Consider this in-principle idea. Town or village X commits to resettling a certain number of refugees. That commitment is matched by development funding to generate investment, and to expand income-generation activities and health and education facilities, such that both locals and refugees benefit. Resettling refugees becomes associated with economic development rather than being seen as a drain on already limited resources. The boost from productive investment helps to alleviate social tensions around new arrivals.

Clearly, this approach requires fleshing out by local communities and businesses and those with expertise in development. It won’t be appropriate everywhere, and in the short term it will work in some places better than others. Clearly there are more and less effective ways of tying development to resettlement and we risk unintended consequences from ill-considered and opportunistic schemes. But the idea gets us focused on the conversation we need to be having: how to provide sustainable options for people to live dignified lives free of persecution (refugees) and how those in the region who are not refugees can learn to live productively with the ongoing reality of people who need to be on the move.

A regional approach must be negotiated with, rather than dictated to, regional governments. It can only work if all parties have genuine incentives to participate and stand to make long-term gains. There are several ways to benefit and benefits will differ from country to country. Some may gain from development spin-offs (from investment or labour or both). Some may benefit from a more even distribution of costs. All are likely to benefit from the greater regional stability that the effective provision of protection, linked to development, would create.

This kind of approach will be expensive. But so is the alternative. The costs of our current policies are running into the billions and are only set to increase. Yet deterrence does not come with the long-term pay-offs that a protection framework provides – for Australia, for the region and for refugees. •

Anne McNevin is a Lecturer in Politics and International Relations at Monash University.

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  1. John Lewis added this comment on 2 August 2013 | Permalink

    Anne McNiven’s article is thoughtful and compassionate. But it lacks one critical component. There is no mention of numbers.
    46 million people are eligible for refuge. How many of those will be resettled as a result of the proposed regional cooperation program?
    What is a reasonable refugee intake for Australia?
    The Greens apparently think that 30,000 is a good number. Labor increased our intake by 25% to 20,000 and people coming by boat only increased. What makes the Greens think that an extra 10,000 places would discourage the millions who would like sanctuary in Australia from risking their and their children’s lives on a perilous boat trip if they are able to arrange such a passage?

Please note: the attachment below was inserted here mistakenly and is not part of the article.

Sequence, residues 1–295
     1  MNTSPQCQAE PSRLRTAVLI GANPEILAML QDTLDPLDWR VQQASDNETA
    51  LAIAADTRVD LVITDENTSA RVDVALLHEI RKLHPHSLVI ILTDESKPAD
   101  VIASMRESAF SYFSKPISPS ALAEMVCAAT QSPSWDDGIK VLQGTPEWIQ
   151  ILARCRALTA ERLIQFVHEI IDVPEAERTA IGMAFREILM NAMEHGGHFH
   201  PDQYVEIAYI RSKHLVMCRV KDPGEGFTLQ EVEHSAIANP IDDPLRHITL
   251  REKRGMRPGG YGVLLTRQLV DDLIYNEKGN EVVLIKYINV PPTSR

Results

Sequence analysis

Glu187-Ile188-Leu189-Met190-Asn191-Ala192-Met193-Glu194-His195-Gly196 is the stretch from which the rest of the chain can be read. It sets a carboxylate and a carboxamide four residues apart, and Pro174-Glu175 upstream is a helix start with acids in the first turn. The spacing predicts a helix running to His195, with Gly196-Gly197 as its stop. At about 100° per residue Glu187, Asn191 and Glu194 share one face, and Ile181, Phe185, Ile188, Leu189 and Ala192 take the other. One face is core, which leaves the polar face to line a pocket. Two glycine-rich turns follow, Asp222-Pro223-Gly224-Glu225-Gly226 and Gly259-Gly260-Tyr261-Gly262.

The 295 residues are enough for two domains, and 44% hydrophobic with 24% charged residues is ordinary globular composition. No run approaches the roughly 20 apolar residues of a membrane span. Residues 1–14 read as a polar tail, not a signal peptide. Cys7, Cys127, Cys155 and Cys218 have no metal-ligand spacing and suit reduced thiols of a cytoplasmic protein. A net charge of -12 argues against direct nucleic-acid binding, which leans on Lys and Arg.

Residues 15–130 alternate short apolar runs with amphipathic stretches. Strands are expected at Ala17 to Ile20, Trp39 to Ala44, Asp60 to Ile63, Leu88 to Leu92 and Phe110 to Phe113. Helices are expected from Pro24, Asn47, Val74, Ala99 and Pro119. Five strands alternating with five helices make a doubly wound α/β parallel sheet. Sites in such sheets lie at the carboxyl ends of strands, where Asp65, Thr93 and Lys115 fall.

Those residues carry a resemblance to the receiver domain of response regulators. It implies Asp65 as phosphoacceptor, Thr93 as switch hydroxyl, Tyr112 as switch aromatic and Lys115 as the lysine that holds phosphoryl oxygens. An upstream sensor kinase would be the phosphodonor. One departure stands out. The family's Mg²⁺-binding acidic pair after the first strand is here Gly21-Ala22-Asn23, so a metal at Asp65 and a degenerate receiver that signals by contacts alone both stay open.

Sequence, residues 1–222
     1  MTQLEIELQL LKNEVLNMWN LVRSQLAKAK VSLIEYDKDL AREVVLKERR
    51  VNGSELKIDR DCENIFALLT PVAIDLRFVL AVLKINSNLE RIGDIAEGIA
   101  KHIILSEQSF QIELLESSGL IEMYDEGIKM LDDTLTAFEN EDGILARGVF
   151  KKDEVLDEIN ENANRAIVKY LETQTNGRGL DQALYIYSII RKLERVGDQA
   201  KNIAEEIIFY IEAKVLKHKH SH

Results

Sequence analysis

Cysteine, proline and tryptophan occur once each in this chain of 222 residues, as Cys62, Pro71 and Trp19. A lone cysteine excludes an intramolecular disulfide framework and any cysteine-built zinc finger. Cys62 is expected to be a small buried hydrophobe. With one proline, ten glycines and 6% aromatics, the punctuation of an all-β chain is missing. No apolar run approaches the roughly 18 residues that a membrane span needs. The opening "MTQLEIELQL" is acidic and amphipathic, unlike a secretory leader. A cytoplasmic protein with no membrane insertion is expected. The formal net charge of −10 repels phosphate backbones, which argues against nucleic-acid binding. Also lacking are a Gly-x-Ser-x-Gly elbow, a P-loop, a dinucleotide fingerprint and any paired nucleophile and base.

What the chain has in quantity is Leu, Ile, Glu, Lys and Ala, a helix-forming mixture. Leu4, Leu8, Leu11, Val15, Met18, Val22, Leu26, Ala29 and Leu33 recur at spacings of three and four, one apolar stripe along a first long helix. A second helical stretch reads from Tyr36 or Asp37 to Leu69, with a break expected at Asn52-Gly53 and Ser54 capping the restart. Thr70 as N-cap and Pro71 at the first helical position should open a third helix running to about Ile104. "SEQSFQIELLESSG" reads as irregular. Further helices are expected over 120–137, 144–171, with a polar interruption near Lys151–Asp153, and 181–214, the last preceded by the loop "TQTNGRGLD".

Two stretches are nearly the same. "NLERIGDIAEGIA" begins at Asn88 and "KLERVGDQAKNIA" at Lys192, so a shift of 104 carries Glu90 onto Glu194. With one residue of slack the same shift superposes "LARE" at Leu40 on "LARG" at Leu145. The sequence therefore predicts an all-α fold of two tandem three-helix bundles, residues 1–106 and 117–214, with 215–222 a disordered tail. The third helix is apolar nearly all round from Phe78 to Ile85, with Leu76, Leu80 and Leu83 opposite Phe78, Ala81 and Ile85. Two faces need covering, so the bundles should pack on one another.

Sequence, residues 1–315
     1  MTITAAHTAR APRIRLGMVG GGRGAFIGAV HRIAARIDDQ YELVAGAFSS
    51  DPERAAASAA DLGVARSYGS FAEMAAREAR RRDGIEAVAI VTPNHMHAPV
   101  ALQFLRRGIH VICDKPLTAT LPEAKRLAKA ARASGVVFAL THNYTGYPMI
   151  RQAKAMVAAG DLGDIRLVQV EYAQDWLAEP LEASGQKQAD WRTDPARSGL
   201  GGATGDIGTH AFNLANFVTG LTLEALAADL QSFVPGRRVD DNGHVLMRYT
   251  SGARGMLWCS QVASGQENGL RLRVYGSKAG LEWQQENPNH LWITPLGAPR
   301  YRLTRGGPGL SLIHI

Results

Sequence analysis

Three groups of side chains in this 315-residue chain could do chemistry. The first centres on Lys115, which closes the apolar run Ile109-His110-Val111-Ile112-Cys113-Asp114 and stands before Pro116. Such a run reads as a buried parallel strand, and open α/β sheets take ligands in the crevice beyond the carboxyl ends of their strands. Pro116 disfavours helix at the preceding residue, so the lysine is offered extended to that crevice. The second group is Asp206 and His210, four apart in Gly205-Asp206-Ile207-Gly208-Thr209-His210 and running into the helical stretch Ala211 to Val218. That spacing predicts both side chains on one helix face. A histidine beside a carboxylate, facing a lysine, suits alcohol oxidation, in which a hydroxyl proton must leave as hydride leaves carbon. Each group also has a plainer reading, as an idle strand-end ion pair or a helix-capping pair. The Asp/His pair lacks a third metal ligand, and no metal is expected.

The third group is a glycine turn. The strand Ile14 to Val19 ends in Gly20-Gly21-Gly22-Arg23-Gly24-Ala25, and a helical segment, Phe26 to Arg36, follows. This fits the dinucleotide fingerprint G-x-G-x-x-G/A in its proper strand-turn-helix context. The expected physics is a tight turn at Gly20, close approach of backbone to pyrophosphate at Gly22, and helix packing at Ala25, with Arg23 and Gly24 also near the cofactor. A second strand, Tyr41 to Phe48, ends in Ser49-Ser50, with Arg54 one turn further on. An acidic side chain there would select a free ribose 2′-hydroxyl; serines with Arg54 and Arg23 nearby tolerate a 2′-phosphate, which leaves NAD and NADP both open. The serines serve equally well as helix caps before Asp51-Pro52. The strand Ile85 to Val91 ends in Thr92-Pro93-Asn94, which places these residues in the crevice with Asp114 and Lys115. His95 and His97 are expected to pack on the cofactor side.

The other consideration lacking in the arguments of those opposed to deterrence is that every person who comes by boat and is accepted as a refugee is one fewer who is accepted through formal channels.
    Finally, when Howard broke with the bipartisan immigration policy he created a situation that meant that Fraser’s program for the Vietnamese could never be replicated. Australian people have always seen the latest wave of migrants as a threat to their standard of living and often jobs. This was the case with the Italians, the Greeks and every non-Anglo wave of migrants since. Both sides of politics supported the immigration policies leaving those who disagreed no where to express their dissatisfaction electorally. This is no longer the case.

  2. Peter Watt added this comment on 7 August 2013 | Permalink

    In Response to John Lewis

    The fact of the matter is that saying you will take 20,000 people and actually doing it are completely different.

    What Anne is trying to express is that there needs to be a regional solution that enables us to take the people smugglers’ business away.

    Also we need to understand the numbers better the 30,000 number will actually address the 30,000 people who are actually awaiting asylum. Also asylum is not settlement it is a method of offering someone protection.

    Please feel free to visit my blog at http://australianelection.blogspot.com.au/

    I have published an article today and some links to some facts and numbers that actually point to what is happening.

  3. Clarissa Mort added this comment on 10 August 2013 | Permalink

    Thank you, Anne McNevin, for not just expressing a compassionate and civilised view, but also proposing a proactive approach to the problem of asylum seekers. I am on the point of despair at the policies of the major parties, which, as you point out, deal with the symptom not the cause. The problems & pitfalls of Rudd’s PNG solution look like enormous potholes down the track, and make his policy look very much like a quick-fix election stunt.

    No-one seems to consider the issue of an under-resourced UNHCR office in Indonesia. I understand it processes only 20-30 refugees a week! Surely it would be to everyone’s benefit if regional countries (+ other UN members) put more resources into helping it deal with the numbers. This is one reason refugees head for the boats, as they cannot even register with the UNHCR.

    John Lewis’ comments on numbers are still focusing on the symptoms, rather than the cause. Dealing with the numbers in Indonesia would help that country, regional countries and the refugees themselves in a practical & co-operative way – a win situation for all.

    I hope you have put these ideas, Anne, to Tony Burke.